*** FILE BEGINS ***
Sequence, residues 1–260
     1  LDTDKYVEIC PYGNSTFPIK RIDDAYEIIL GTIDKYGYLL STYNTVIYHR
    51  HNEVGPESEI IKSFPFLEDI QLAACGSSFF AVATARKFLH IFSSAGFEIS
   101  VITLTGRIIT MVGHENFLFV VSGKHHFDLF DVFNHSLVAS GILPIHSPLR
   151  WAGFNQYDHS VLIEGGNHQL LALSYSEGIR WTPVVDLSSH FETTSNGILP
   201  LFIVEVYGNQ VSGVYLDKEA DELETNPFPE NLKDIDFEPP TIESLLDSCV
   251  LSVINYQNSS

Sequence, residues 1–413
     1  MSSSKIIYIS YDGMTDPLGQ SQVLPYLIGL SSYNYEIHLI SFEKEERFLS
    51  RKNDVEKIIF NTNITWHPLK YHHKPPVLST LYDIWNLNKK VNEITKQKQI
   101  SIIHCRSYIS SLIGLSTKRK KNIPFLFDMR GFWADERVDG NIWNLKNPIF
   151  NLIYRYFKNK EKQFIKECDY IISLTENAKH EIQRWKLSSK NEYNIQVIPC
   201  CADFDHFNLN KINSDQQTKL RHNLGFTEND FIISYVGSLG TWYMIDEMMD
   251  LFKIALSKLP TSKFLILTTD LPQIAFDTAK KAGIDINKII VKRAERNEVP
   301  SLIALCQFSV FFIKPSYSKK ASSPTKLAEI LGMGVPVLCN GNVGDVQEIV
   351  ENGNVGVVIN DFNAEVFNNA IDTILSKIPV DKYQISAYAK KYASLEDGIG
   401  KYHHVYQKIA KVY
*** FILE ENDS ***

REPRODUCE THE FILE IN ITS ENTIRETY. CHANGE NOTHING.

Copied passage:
Sequence, residues 1–260
     1  LDTDKYVEIC PYGNSTFPIK RIDDAYEIIL GTIDKYGYLL STYNTVIYHR
    51  HNEVGPESEI IKSFPFLEDI QLAACGSSFF AVATARKFLH IFSSAGFEIS
   101  VITLTGRIIT MVGHENFLFV VSGKHHFDLF DVFNHSLVAS GILPIHSPLR
   151  WAGFNQYDHS VLIEGGNHQL LALSYSEGIR WTPVVDLSSH FETTSNGILP
   201  LFIVEVYGNQ VSGVYLDKEA DELETNPFPE NLKDIDFEPP TIESLLDSCV
   251  LSVINYQNSS

Sequence, residues 1–413
     1  MSSSKIIYIS YDGMTDPLGQ SQVLPYLIGL SSYNYEIHLI SFEKEERFLS
    51  RKNDVEKIIF NTNITWHPLK YHHKPPVLST LYDIWNLNKK VNEITKQKQI
   101  SIIHCRSYIS SLIGLSTKRK KNIPFLFDMR GFWADERVDG NIWNLKNPIF
   151  NLIYRYFKNK EKQFIKECDY IISLTENAKH EIQRWKLSSK NEYNIQVIPC
   201  CADFDHFNLN KINSDQQTKL RHNLGFTEND FIISYVGSLG TWYMIDEMMD
   251  LFKIALSKLP TSKFLILTTD LPQIAFDTAK KAGIDINKII VKRAERNEVP
   301  SLIALCQFSV FFIKPSYSKK ASSPTKLAEI LGMGVPVLCN GNVGDVQEIV
   351  ENGNVGVVIN DFNAEVFNNA IDTILSKIPV DKYQISAYAK KYASLEDGIG
   401  KYHHVYQKIA KVY